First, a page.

The table below summarises the NCCs caps that existed and that have been announced by the Government since 2 May 2016 (ie, the day before the Budged).
|Existing Law (2 May 2016)||Budget announced change (3 May 2016)||Revised change (15 September 2016)|
|Annual NCCs cap||$180,000||N/A||$100,000**|
|‘Bring forward’ three-year NCCs cap||$540,000||N/A||$300,000**|
|Lifetime NCCs cap||N/A||$500,000*||N/A|
|Superannuation balance cap||N/A||N/A||$1,600,000|
* The NCCs cap is subject to the lifetime NCCs cap of $500,000.
** The NCCs caps are subject to the superannuation balance cap of $1.6 million as indexed.
Who are the individuals primarily affected?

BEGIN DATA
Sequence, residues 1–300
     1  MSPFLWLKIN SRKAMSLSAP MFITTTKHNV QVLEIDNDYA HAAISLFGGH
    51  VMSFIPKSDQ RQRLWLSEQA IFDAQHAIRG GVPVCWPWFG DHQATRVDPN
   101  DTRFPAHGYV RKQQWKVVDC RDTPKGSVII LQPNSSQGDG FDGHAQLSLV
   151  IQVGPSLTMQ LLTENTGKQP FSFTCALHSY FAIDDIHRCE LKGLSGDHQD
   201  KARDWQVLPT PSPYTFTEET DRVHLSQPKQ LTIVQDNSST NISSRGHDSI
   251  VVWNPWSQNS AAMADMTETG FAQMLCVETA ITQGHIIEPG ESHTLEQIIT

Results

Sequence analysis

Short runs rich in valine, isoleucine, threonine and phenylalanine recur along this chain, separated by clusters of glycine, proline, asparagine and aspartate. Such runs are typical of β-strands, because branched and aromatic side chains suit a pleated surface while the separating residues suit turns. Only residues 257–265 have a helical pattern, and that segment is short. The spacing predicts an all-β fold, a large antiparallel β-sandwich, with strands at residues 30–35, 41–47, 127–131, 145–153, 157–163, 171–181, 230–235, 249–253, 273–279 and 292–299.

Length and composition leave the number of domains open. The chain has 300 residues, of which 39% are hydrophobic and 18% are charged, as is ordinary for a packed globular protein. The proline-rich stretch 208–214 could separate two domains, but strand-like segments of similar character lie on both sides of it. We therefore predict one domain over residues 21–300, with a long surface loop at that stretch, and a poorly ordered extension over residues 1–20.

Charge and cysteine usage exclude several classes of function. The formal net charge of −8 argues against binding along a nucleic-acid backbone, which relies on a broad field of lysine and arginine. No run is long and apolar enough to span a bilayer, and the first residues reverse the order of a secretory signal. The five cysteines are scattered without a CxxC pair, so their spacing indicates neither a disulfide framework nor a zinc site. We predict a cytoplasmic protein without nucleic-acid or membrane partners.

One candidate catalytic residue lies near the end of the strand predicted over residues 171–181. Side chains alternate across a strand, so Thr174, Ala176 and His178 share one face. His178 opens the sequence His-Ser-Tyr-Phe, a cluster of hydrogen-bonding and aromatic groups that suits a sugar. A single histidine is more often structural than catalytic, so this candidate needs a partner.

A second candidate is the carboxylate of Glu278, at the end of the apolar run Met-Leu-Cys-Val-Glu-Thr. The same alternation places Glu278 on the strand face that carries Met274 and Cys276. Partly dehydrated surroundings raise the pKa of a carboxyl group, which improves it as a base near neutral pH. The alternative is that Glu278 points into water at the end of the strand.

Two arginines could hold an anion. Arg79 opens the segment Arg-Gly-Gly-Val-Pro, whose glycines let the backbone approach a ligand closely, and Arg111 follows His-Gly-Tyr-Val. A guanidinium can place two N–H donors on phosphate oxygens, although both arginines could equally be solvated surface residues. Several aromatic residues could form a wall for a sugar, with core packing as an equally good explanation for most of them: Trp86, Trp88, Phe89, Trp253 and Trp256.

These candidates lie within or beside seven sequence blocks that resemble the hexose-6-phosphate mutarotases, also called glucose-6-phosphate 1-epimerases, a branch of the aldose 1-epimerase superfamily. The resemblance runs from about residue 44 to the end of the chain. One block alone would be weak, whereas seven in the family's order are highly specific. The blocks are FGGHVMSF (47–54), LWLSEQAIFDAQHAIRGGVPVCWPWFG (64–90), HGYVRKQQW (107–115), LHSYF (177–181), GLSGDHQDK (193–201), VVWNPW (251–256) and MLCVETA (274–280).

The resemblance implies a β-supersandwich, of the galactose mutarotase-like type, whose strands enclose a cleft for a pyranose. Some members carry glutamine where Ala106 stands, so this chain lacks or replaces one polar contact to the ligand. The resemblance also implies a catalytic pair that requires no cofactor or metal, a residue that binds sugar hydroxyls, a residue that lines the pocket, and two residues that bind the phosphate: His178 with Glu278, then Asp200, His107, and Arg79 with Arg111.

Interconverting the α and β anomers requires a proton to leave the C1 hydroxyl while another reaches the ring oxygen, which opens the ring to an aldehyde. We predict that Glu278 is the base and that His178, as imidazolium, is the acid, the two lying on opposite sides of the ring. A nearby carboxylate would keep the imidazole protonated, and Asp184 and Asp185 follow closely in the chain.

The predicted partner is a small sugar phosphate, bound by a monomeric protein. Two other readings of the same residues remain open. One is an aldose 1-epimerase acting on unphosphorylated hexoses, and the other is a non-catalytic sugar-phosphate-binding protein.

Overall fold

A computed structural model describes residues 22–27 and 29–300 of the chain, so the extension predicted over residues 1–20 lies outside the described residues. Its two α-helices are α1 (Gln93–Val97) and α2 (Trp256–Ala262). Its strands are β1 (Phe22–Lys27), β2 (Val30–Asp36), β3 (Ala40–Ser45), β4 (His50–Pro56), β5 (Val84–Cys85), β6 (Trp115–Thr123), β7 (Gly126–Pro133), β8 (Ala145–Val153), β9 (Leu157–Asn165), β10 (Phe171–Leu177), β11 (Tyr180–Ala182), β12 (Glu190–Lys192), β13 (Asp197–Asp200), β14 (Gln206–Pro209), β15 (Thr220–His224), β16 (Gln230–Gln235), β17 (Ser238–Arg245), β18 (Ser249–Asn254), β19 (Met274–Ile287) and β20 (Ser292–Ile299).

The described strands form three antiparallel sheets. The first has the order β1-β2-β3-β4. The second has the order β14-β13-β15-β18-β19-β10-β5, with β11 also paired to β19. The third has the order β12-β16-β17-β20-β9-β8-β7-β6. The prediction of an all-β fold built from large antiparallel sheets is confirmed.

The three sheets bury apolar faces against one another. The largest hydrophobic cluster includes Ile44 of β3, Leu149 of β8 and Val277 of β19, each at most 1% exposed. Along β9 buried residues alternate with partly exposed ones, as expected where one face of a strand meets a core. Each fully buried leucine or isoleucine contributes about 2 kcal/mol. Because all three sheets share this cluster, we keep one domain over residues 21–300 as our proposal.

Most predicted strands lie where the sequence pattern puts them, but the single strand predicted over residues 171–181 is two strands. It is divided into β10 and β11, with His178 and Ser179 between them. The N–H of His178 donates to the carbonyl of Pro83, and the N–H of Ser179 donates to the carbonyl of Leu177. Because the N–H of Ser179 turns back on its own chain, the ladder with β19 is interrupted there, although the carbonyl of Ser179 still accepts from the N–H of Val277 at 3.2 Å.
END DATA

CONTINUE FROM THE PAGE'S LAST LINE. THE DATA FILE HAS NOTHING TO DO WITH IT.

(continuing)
This revised proposal will allow more individuals to build a superannuation balance cap to attain their $1.6 million pension balance cap in their retirement phase. The $1.6 million balance cap (plus earnings and growth on that balance) will be the maximum amount of assets that can enjoy tax-free earnings subject to the special rule below where a member can exceed the $1.6 million threshold. However, from 1 July 2017, the superannuation balance cap for the prior 30 June will broadly include earnings and growth in measuring whether any further NCCs can be made.